By Gustavo Arellano
By R. Scott Moxley
By Alfonso Delgado
By Courtney Hamilton
By Joel Beers
By Peter Maguire
By Charles Lam
By Charles Lam
There I was in the parking lot at the Grove of Anaheim. We'd already done our time inside, avoiding the cat screeches of Sandfrog, the hard rock band fronted by Angel first baseman Scott Spiezio, by hanging out in the VIP room with a couple of Angels, a couple of friends, and a few gross groupies on a narrow-eyed mission. Our friend, a lifelong pathetic Angels fanboy, was managing the band, and my boyfriend, also a lifelong pathetic Angels fanboy, had been in heaven, goofily asking the players for autographs and pictures.
We were in the car, key in the ignition, when we saw an Angel and a disgusting wannabe groupie, her gigantic bazooms barely restrained inside just a leather vest, come outside for a chat. "EWWW! [NOT SPIEZIO] is talking to that gross groupie!" I shouted. "OH NO! [NOT SPIEZIO] is smoking a cigarette!" moaned my boyfriend in drunken fanboy dismay. They moved farther down the wall, to an alcove, where they wouldn't be seen by anyone coming out the door—except the alcove was directly at our three o'clock. "EWWW! [NOT SPIEZIO] is making out with that gross groupie!" I shouted. And then we hushed, in complete shock. She was down on her knees, and she was giving him head. And then he was returning the favor. And we were looking directly at them. "Where's your camera?" my boyfriend breathed. "Right here," I giggled. You could see the flash all over the parking lot.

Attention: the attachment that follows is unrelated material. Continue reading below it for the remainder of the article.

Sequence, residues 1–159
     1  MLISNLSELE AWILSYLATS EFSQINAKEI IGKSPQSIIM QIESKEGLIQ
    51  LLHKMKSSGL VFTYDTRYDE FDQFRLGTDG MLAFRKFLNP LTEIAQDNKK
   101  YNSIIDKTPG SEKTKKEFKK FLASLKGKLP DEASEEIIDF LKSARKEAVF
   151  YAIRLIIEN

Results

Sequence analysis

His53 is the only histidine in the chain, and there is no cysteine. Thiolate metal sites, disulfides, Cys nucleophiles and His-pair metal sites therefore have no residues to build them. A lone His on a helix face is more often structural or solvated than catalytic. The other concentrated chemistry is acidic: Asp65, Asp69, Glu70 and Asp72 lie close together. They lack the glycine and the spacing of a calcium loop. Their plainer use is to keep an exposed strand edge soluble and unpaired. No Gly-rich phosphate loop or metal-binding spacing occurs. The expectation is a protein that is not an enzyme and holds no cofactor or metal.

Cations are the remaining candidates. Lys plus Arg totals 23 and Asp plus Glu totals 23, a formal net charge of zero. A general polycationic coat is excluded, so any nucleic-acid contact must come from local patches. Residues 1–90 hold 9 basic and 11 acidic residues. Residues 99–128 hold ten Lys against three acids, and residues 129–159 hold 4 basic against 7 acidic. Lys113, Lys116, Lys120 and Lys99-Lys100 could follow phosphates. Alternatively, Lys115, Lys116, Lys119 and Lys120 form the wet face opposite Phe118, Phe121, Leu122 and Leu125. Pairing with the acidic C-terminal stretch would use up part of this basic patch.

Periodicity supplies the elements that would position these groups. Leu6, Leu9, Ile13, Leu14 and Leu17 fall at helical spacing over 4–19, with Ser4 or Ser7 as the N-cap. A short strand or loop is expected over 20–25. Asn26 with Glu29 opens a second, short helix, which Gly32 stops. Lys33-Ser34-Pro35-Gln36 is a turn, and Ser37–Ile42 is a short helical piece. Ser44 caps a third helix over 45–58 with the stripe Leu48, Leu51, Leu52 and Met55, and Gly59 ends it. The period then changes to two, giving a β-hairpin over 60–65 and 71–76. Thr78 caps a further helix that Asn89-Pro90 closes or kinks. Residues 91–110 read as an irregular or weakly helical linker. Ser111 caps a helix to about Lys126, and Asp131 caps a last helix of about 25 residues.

We called our friend the manager. "WE JUST SAW [SERIOUSLY: NOT SPIEZIO] GETTING HEAD IN THE PARKING LOT!" we yelled. "Dude, that's awesome!" he yelled back, but he called again the next morning. "You can't print it," he said. "You can't! You can't! Disney will never let Spiez play in the band again if they're not being all 'family.' You can't!"
And I didn't. My colleague Steve Lowery was of the mind that it's not right to out people for sexual behavior (unless they're David Dreier), and I let that be my rationale, rather than that I was killing a story for a friend. The Angels had just won the World Series, and if the New York Post's record of detailing every sports figure's trip to Scores ever is any indication, I could have broken national gossip. That would have been nice, for me, at least. But if you were around that week and already knew the story, there were plenty of clues in that column and later ones. Even the headline, "Touched By an Angel"—oh, it was very, very clever. To me, at least.